Letters to the Editor
Letters to the Editor
Letters to the editor are a great way to focus attention on the need for Prop. 13 reform. Getting LTEs published shows the public that this reform will generate over $10 billion each year for schools and public services without raising taxes on homeowners or renters. Below is the list of LTEs that have been published in support of making large corporations pay their fair share.
For tips on how to write and submit your own letter, check out our LTE Campaign Action Center!
The idea that Prop. 13 was meant to protect seniors is propaganda
I disagree strongly with the letter writer who stated that Proposition 13 was designed to help seniors who, before 1978, could not afford the escalating property tax bills. That was the propaganda.
In reality, Proposition 13 helps mostly businesses with huge, valuable locations pay a small property tax. As a senior, I purchased my condominium after 1978 and pay more than many homeowners with twice the space in Beverly Hills.
What was really harmed was our state budget, with less money available for education and infrastructure. This is still the case, as we now have tax inequality, classes with 38 students, worn-out schools with no librarians or counselors, poor roadways, and power lines inferior to those that are now underground in several European countries.
Proposition 13's gift to commercial property owners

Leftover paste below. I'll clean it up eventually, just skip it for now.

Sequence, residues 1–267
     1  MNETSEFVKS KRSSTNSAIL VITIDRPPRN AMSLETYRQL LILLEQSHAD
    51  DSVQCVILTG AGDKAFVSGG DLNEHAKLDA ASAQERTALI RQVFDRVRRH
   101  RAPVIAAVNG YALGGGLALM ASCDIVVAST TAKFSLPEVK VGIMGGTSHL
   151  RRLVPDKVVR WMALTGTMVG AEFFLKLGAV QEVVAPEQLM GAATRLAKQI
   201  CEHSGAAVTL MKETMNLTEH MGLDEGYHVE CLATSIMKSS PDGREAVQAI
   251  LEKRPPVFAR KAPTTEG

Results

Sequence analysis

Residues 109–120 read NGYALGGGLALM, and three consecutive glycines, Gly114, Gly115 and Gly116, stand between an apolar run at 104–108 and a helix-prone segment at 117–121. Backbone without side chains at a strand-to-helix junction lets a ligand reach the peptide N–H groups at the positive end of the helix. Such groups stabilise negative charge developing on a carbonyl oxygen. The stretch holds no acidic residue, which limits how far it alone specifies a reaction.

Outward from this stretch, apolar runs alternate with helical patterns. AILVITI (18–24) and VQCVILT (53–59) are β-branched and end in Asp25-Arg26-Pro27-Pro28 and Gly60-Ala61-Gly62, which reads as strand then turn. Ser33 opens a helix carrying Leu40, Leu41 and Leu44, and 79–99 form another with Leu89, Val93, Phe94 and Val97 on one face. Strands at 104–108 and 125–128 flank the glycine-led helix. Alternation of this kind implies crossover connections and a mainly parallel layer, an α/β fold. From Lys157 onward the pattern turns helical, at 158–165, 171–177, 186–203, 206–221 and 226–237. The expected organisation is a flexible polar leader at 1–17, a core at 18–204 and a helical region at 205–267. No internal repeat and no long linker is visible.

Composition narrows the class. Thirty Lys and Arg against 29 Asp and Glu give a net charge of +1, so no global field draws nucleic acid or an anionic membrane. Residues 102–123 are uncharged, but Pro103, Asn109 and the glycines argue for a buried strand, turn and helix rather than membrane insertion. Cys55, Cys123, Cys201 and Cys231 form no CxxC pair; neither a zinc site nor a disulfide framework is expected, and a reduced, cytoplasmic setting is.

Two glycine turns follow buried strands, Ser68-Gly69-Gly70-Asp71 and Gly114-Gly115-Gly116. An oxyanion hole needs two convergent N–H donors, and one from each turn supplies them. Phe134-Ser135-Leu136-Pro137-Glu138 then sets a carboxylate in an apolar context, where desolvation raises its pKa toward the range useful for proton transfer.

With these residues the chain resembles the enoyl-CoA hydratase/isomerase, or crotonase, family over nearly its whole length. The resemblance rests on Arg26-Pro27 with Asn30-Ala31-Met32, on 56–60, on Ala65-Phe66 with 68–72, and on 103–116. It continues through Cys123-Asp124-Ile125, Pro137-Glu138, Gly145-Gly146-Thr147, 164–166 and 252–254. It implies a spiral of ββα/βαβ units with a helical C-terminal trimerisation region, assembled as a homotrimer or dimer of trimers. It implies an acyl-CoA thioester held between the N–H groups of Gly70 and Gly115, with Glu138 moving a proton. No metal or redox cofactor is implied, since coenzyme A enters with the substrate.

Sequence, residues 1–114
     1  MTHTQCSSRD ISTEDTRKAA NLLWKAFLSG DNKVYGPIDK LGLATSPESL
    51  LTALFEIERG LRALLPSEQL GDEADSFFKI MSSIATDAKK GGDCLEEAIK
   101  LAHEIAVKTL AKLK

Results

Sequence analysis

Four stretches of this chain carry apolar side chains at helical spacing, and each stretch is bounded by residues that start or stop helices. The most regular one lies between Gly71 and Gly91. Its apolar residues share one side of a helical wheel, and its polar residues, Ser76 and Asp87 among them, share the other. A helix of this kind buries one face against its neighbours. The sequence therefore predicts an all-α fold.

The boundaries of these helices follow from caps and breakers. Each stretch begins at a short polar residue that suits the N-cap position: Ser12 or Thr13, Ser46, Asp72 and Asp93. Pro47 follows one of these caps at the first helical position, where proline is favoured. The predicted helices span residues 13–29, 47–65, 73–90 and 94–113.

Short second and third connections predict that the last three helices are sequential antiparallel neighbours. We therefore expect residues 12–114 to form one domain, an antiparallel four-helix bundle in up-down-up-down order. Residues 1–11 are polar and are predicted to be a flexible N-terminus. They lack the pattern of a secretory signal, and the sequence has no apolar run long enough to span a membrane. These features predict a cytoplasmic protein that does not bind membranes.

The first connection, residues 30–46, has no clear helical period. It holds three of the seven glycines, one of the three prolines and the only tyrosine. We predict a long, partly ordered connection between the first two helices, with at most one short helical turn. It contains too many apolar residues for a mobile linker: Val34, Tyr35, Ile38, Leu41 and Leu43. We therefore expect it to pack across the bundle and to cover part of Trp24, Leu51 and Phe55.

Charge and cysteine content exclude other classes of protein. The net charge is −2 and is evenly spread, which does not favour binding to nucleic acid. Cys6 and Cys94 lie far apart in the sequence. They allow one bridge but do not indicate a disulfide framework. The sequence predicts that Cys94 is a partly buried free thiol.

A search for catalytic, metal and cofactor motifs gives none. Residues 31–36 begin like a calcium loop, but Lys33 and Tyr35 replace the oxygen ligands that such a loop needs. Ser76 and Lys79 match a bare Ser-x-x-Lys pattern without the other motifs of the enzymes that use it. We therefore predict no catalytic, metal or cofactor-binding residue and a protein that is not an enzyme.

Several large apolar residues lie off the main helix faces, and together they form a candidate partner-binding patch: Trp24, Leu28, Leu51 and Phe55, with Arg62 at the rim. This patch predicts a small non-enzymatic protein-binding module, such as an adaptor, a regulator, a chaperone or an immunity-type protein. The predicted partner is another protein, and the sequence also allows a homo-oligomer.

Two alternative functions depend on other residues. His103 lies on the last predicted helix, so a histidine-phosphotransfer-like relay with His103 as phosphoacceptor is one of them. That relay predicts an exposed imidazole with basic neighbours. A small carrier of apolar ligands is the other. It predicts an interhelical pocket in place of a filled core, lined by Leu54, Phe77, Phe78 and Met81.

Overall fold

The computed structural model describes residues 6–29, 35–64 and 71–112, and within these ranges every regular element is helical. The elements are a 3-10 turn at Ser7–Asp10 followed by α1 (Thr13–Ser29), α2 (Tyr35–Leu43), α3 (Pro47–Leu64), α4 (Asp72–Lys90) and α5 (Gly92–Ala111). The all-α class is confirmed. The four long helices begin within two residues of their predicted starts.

Columnist Conor Friedersdorf touched on the topic of commercial parcels but quickly switched subjects in his Proposition 13 tax revolt discussion. He didn’t dare reveal the hidden Prop. 13 provision that allows commercial/industrial property to avoid assessment when the property is sold.
A Prop.13 loophole stipulated that if less than half of the property value is sold to a new owner, the transaction will not trigger (avoids) a property tax reassessment. Ergo, ownership of most commercial/industrial holdings are divided between three or more investors. They always limit sales to less than half of the ownership, avoiding property tax increases year after year for decades.
That ploy shifted the property tax burden to residential property. Before, Prop.13 residential owners bore about 55% of the total property tax burden Today, they bear more than 70% while commercial property owners share less than 30%
It’s high time for those commercial/industrial properties to be reassessed to current market value and the fractional exemption should be eliminated.
Invest in schools again
Regarding “Teacher protests put GOP on the spot in red states” (Nation, April 5): Increasing education funding is essential to teachers and schools. It is great to see so many teacher protests across red states like Oklahoma, Kentucky and Arizona because of poor public education funding. However, let us not forget that poor education funding is not limited just to Republican states. Most people don’t know that California — one of the most Democratic states in the nation — is actually on par with several of these red states in education funding. We are consistently ranked within the bottom 10 states even though California used to lead the nation in education funding during the 1960s. Now is the time to finally tackle the root of California’s education problem: Proposition 13. Reforming Prop. 13 is the best thing we can do to invest in our schools again.
Full List of Published LTEs: